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Rabottini: ‘There’s no way you can give up’

  • By Gregor Brown
  • Published May. 20, 2012
  • Updated May. 21, 2012 at 7:47 AM EST
Matteo Rabatinni suffered all alone but the win was worth it. Photo: Graham Watson | www.grahamwatson.com

PIAN DEI RESINELLI, Italy (VN) — Matteo Rabottini survived an all-day escape on the rain-soaked roads in Lombardy to win big — a grand tour stage in the Giro d’Italia. The Farnese Vini-Selle Italia rider was one of the wild cards, one of the chancers, one who tried his luck early on to be repaid handsomely.

Often in races, Grand Tours included, escapes are doomed. They are just a race within the race to pass the time until the favorites attack or sprinters sprint. Maybe at times, the riders are there to gain publicity on TV or maybe, as in Rabottini’s case, they are there to win.

After shaking a bottle of Astoria Prosecco on stage and receiving kisses from podium girls, he met with the press. He stood under a tent on the side of the podium, sheltered from the rain and elements that he had conquered just 20 minutes before.

He said, “When you start with the idea to do well — sure it was hard, but if you consider all the sacrifices I made before — there’s no way you can give up in the last 20km, on the final slopes and throw away all you’ve done since the morning.”

In Busto Arsizio, just miles from the Milan Malpensa airport and Ivan Basso’s home, the riders rode off at 12:31, hammered by rain. Rabottini who will be a dad soon, joined with Guillaume Bonnafond (Ag2r La Mondiale), dropped him and rode free over the Valcava climb.

Wet roads made the going risky and his chances to win were slim. He crashed; so did riders chasing behind, including Marco Pinotti (BMC Racing). He pushed on.

Over the Culmine di San Pietro, where Pedro Horrillo fell 60 meters in 2009′s race, a wet and bruised Rabottini led by 2:48 on a chase group with Damiano Cunego (Lampre-ISD) and 5’47″ on the group with leader Ryder Hesjedal (Garmin-Barracuda).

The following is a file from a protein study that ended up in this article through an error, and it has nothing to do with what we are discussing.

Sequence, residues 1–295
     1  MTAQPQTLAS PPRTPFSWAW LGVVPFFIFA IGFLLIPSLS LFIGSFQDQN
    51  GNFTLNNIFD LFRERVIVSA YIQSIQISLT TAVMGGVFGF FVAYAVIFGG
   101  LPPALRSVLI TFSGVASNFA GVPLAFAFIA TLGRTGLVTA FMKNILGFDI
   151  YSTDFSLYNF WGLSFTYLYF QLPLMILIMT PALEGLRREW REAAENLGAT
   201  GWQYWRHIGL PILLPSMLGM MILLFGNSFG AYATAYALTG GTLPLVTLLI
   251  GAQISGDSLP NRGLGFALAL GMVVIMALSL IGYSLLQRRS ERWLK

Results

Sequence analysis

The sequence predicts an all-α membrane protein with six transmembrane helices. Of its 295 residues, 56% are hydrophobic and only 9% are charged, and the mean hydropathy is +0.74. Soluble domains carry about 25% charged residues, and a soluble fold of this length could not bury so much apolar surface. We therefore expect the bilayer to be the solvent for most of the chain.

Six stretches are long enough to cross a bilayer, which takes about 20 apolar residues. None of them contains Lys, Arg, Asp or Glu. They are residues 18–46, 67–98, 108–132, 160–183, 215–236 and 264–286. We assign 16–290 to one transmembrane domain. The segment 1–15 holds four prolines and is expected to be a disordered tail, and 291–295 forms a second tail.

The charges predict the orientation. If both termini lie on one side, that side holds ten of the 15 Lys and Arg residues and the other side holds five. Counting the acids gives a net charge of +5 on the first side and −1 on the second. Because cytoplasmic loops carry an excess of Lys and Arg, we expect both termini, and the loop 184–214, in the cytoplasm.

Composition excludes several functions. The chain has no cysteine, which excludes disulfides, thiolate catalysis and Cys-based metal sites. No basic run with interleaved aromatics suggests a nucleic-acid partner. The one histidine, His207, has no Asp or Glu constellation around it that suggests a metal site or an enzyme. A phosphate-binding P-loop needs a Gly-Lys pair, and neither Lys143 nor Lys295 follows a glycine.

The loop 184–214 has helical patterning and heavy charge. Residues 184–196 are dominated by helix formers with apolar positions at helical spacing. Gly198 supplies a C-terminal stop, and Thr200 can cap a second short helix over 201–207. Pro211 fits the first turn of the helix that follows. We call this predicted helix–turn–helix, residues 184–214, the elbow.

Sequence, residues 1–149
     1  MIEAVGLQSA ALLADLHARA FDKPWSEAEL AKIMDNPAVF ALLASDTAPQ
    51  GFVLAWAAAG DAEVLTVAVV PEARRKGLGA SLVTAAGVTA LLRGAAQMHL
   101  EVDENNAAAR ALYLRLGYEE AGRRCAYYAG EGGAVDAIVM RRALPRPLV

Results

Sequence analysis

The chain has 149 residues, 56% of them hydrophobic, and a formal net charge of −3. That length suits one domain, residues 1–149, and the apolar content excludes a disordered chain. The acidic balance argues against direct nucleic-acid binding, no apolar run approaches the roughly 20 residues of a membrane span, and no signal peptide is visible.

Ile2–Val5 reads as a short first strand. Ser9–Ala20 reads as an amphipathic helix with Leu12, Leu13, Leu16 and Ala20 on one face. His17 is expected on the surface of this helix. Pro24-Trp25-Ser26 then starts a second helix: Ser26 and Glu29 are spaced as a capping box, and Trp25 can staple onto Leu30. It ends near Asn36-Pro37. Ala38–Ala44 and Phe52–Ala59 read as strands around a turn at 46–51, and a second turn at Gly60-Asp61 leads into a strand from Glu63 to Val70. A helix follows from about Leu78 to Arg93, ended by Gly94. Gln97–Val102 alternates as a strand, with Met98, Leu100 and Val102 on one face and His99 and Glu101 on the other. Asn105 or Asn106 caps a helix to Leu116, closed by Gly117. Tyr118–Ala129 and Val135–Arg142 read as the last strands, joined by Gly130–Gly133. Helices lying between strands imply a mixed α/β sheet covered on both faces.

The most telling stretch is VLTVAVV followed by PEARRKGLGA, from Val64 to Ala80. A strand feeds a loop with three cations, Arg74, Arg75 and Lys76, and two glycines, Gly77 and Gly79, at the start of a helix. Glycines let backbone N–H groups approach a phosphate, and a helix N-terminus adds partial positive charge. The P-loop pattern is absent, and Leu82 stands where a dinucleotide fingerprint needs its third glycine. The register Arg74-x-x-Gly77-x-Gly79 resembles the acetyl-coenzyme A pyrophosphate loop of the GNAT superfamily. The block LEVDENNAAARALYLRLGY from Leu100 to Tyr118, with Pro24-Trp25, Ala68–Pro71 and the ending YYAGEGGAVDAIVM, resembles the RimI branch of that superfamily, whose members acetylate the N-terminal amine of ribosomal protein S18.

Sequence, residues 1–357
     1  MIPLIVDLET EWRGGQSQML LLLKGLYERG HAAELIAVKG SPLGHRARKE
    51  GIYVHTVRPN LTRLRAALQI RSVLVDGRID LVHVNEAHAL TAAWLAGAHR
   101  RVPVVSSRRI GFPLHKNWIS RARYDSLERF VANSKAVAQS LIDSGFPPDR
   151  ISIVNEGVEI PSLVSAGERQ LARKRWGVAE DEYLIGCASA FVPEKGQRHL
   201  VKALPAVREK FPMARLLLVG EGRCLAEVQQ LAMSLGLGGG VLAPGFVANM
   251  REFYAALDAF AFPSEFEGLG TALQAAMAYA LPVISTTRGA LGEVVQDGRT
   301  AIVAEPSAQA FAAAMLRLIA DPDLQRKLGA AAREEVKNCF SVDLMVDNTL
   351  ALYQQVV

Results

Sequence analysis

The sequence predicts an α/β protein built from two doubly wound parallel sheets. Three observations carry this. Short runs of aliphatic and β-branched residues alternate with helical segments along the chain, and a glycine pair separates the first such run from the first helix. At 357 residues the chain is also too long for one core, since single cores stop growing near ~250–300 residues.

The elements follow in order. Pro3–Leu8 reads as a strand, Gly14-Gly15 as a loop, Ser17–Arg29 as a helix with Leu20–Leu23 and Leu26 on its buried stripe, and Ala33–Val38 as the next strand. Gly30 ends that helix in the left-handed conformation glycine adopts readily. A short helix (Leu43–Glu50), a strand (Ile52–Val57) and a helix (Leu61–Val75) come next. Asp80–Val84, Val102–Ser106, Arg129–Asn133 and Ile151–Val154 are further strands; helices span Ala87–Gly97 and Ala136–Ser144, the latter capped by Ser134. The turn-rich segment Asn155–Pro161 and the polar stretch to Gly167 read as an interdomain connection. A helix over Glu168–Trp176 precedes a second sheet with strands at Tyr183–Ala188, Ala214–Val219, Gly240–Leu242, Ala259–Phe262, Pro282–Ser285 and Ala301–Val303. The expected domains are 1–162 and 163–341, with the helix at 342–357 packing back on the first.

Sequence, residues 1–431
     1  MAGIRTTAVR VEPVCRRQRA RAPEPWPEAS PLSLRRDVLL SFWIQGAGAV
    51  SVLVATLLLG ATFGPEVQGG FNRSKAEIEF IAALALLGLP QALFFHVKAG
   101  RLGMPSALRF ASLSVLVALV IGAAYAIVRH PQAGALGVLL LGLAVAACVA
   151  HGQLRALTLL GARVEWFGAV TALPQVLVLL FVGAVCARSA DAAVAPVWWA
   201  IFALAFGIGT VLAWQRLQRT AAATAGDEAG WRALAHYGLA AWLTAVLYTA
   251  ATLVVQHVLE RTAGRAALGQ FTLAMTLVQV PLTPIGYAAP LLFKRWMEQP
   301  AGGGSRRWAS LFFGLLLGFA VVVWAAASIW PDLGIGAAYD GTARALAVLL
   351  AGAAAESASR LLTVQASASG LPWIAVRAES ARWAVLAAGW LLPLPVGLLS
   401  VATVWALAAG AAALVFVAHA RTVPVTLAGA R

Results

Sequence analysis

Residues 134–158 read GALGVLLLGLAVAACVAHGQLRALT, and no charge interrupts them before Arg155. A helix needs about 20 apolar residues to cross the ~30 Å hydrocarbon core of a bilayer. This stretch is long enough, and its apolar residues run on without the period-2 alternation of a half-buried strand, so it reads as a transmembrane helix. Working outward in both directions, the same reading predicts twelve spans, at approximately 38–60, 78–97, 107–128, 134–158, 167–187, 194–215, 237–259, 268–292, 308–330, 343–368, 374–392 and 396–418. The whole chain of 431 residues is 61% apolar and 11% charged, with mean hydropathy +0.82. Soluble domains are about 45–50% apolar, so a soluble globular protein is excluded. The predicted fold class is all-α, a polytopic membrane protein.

“It was a difficult day, but I think it was just as difficult for everyone else,” Rabottini explained, rain bouncing off the tent above. “The big thing is not to let it break you down mentally.”

The Pian dei Resinelli remained. Angelino Soler won here in 1962, 50 years ago. It climbs 7.75 kilometers and switches back 15 times before arriving at a small ski resort.

Alberto Losado (Katusha), who closed in at 20 seconds with one kilometer left, threatened Rabottini. The Spaniard, though, acted as a launch pad for teammate Joaquím Rodríguez who was racing for time and to take the pink jersey from Hesjedal. He closed in on Rabottini for the stage win.

“In the last 300 meters, when Rodríguez passed me, I lost all hope,” Rabottini explained. “In the last 50 meters, when I saw I could overtake him, only then did I believe in the win.”

Was it a gift, as many speculated after? “Rabottini beat me fair and square,” Rodríguez said. “I thought I would be dropping him, but he stayed on my wheel. I took advantage of his slipstream and I was able to pass.” But then the Italian was able to pass him again for the win.

Rodríguez took the pink jersey and Rabottini a hard-fought gift for his partner Flavia and the baby they are expecting soon.

FILED UNDER: Analysis / Giro d'Italia / News / Road TAGS: /

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